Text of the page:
September 23, 2021

Life with immunodeficiency: a personal pandemic lasting a lifetime

Dr. Judith Schaus, MD
"Having congenital immunodeficiency would be a lot like experiencing the Corona pandemic for life. But even then, Corona would be much worse."

What’s it like to live under the constant fear of infection? What does it mean to have to carefully weigh every visit with friends and family? How do you deal with avoiding most big crowds such as concerts, bars, weddings and even public transport? To learn more about the practical reality of life with such a disease, I spoke with a woman who tells of her congenital immune deficiency.

Marta* suffers from such a congenital immunodeficiency, which is one of the hypogammaglobulinemias. More precisely, it is a rare autosomal recessive hereditary disease called Hyper-IgM syndrome.


Hypogamma and hyper-IgM are related: our B cells, which are part of the white blood cells, produce antibodies to fight off infections. Every immune response begins with the production of acute antibodies, type M immunoglobulins (IgM). After a few days, our T cells then switch to other antibodies which provide more sustained protection against infections, those of the IgG and IgA classes. In Marta's case, this switch does not happen, so those who suffer from the disease produce (too) many IgM antibodies but no IgG or IgA antibodies (1).


To be clear: this is an extremely rare disease that affects only about 150 women worldwide. The likelihood of both mother and father being healthy carriers of the same recessively inherited allele for the same disease is exceptionally low - especially if there is no consanguinity (family relation) between the parents.

This is also part of the problem faced by patients with these so-called orphan diseases. There are 6,172 rare diseases worldwide. Each disease is so rare that medical research is only marginally worthwhile and there is little progress in fighting and treating rare diseases. However, estimates of the total number of people suffering from rare diseases range from 250 million to 450 million, representing up to 6% of the world's population.


The infections started occurring after Marta’s mother stopped breastfeeding her. They primarily affected the upper respiratory tract. Her mother noticed increasingly severe, persistent, unusual and recurrent infections. The common acronym SPUR stands for severe, persistent, unusual and recurrent infections and is used by patient organizations as a warning sign of possible immune deficiency. At 18 months, the cause of Marta's frequent infections was found: a generalized primary immunodeficiency.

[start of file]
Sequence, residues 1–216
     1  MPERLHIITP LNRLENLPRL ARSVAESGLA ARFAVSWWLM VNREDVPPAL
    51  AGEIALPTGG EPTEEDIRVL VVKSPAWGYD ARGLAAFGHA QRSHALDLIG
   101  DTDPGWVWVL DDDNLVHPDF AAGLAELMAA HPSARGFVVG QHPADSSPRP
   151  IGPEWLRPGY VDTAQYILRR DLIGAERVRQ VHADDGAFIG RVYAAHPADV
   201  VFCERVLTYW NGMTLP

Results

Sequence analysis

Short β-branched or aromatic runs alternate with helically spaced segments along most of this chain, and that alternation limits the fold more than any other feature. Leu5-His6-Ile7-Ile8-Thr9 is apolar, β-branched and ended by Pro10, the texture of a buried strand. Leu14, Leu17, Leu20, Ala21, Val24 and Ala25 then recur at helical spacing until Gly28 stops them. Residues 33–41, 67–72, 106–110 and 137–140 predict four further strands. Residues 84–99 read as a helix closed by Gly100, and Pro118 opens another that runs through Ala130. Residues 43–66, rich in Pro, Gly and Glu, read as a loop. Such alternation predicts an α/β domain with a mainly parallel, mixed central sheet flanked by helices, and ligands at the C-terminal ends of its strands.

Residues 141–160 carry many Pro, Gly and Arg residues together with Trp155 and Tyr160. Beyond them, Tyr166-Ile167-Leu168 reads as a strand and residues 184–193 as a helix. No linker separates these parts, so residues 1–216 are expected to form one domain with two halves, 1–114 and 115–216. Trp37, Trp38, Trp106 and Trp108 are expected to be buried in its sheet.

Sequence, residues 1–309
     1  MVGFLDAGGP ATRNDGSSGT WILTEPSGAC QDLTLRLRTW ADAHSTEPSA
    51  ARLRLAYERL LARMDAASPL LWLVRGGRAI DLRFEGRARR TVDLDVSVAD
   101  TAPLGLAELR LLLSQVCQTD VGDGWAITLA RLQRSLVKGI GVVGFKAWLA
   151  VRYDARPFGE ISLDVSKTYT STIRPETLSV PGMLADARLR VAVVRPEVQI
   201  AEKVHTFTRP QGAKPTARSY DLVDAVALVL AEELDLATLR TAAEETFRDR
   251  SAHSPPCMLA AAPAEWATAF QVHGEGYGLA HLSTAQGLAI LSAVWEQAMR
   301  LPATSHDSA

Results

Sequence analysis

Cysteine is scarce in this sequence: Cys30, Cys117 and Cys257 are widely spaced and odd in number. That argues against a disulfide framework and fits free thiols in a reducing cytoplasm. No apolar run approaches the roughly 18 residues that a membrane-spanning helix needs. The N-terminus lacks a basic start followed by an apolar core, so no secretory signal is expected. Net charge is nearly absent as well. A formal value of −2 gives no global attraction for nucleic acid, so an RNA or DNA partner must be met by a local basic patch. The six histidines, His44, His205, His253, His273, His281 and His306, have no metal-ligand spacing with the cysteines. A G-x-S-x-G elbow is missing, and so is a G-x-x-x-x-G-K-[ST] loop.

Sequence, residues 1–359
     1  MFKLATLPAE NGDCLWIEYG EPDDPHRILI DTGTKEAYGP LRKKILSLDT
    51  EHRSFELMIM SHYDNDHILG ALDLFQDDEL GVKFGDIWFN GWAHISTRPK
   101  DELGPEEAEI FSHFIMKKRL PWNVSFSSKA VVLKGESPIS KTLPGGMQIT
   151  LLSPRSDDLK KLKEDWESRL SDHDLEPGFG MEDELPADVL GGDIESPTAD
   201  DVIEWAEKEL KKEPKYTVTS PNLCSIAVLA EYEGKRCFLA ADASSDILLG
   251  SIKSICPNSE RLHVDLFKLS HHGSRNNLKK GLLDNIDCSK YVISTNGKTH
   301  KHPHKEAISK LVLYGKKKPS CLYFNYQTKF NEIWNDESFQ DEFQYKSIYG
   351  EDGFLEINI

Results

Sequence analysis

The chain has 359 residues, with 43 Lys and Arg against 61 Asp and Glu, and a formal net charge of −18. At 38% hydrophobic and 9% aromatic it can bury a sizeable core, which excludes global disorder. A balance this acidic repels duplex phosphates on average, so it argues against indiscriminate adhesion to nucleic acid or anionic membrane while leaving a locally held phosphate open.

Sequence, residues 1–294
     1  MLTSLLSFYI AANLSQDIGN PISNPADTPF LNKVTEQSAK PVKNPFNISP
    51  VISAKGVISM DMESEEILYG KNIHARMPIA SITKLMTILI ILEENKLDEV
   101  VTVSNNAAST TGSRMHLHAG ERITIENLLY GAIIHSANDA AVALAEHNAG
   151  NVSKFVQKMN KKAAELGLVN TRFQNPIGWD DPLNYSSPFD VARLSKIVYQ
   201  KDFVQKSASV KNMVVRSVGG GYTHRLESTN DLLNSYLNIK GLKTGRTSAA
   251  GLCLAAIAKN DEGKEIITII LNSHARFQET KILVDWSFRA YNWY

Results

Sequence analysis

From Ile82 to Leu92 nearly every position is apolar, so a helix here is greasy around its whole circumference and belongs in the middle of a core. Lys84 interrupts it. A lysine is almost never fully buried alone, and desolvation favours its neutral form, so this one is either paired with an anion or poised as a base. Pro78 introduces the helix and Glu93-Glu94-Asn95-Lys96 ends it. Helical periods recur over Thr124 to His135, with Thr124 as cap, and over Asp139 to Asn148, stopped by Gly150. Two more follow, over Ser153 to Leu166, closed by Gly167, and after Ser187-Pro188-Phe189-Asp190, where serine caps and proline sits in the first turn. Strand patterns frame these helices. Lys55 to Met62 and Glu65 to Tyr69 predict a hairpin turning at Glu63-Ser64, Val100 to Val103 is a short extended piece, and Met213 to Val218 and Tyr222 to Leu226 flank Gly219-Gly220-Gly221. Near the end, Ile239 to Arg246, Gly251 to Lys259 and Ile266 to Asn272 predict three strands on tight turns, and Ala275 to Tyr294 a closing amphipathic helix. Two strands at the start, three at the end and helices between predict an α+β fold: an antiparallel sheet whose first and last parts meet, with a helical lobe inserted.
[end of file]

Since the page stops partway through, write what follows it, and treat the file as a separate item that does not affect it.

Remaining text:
The most dangerous moment came when she was three years old and contracted cat scratch disease. A bacterial infection that becomes symptomatic almost only in immunocompromised people. It carries the risk of a life-threatening sepsis (blood poisoning). 

For most of her life, however, Marta has been spared serious infections, although she did not begin intravenous immunoglobulin replacement therapy until she was twelve years old. Even with treatment, the IgA antibody class cannot be reproduced artificially, and since it normally targets pathogens directly in our mucous membranes in the nose and mouth, Marta, her family and her doctors spent most of her youth treating her chronic ear and sinus infections.

At the time she began treatment, the only available option demanded overnight hospitalization, which not only put Marta at greater risk from hospital germs, but also had a lasting impact on her quality of life. At the age of 16, Marta had had enough and decided to inject IVIG** intravenously at home by creating her own venous access and manually controlling the flow rate. For several years now, immunoglobulin has also been available for administration as a syringe under the skin, and today Marta can inject herself weekly subcutaneously with the treatment that is so important to her. Marta is 44 years old today.

With immunoglobulin substitution and early antibiotic or antiviral therapy for infections, acute dangers have become more manageable than during her childhood. However, for them, total isolation during the Corona pandemic was without alternative. For more than a year, while others only partially shielded themselves and could still meet people outdoors, Marta and her partner lived in complete seclusion and took many extra measures to disinfect their home as a shelter. 

As a product manager for digital health technology, Marta believes in a future where prediction and prevention are standard in healthcare and the healthcare industry, but for the foreseeable future, she must continue to protect herself extensively. She and her partner were recently recruited for a clinical vaccine trial for patients with primary immunodeficiency where the results showed that their bodies elicited an immune response with hyper-IgM equivalent to that of a healthy control subject. Still they rarely venture out of the house.


*Name changed

** IVIG is an acronym for for intravenous immunglobuline

  1. Bernuth H, Roesler J. Immunologie. Pädiatrie. 2019;239-252. doi:10.1007/978-3-662-57295-5_10
  2. Nguengang Wakap, S., Lambert, D.M., Olry, A. et al. Estimating cumulative point prevalence of rare diseases: analysis of the Orphanet database. Eur J Hum Genet 28, 165–173 (2020).